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a.saji
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Silver
Re: 3D printing & self assembly natural partners
a.saji   3/12/2013 12:15:35 PM
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@Ann: Yes Ann I do get your poiunt. What I really wanted was to involve AI into the project so it will have loads of benifits.

Ann R. Thryft
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Blogger
Re: 3D printing & self assembly natural partners
Ann R. Thryft   3/11/2013 12:22:53 PM
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a.saji, AI is a fun topic for discussion in the comments, but it's not a regular topic for coverage in Design News, at least for now.

a.saji
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Silver
Re: 3D printing & self assembly natural partners
a.saji   3/10/2013 9:08:26 AM
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@Ann: Do you intend to have anything to do with AI in the future ? I would love to join  if so since I think AI can add some value towards this.   

Ann R. Thryft
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Blogger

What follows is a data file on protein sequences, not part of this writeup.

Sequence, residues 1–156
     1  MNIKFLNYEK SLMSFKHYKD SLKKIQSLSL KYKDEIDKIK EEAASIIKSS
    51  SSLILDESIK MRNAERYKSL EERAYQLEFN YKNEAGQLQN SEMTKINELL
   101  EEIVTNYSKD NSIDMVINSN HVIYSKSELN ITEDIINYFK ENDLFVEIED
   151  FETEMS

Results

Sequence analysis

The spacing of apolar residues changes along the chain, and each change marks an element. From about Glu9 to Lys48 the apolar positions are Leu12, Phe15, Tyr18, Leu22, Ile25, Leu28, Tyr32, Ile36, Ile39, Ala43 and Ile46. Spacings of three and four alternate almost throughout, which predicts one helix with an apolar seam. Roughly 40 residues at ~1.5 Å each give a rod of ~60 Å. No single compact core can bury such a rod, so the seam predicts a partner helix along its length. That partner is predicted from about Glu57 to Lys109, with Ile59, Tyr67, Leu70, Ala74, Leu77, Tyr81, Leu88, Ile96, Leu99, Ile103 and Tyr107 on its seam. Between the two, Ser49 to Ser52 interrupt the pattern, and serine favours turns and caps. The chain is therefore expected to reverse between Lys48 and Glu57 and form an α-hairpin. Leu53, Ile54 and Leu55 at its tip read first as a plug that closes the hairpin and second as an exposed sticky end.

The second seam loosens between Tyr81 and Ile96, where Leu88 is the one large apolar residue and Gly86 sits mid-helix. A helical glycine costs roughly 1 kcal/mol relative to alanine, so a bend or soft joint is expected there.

Re: 3D printing & self assembly natural partners
Ann R. Thryft   3/8/2013 3:19:19 PM
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eafpres, thanks for the feedback. My April feature on self-assembly and self-reconfiguring robots will touch on several of these subjects. If you're interested in nanoscale self-assembly, I suggest you check out DNA origami and the Wyss Institute work on DNA 2D tiles and 3D bricks.

eafpres
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Gold
3D printing & self assembly natural partners
eafpres   3/8/2013 10:59:56 AM
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Thanks for sharing this.  I watched the underwater cube, then I watched Skylar's TED talk as well.  When you think about a system like this, it makes sense that 3D printing (or some form of 3D manufacturing) and self-assembly go together--things we want in the world are mainly 3D, so they are assembled out of 3D parts (the printer that prints out of stacked sheets notwithstanding--they are still 3D--they have thickness!).

It is interesting to think about gravity as the main source of energy (potential energy) and building structures.  In a sense, this is already done on a large scale or certain types of retaining walls.  You have 3D blocks that fit together, and gravity provides the force to keep them together.  I have seen some blocks for walls that are very large--think a concrete lego brick the size of a bale of hay.  Some I have seen have bumps on one side and dents on the other, so they stack and won't move horizontally, and gravity does the rest.

On a smaller scale, I wonder what could be done with structures that respond to other sources, such as thermal, and pH, or even blood chemistry, and how those could be used in the body.

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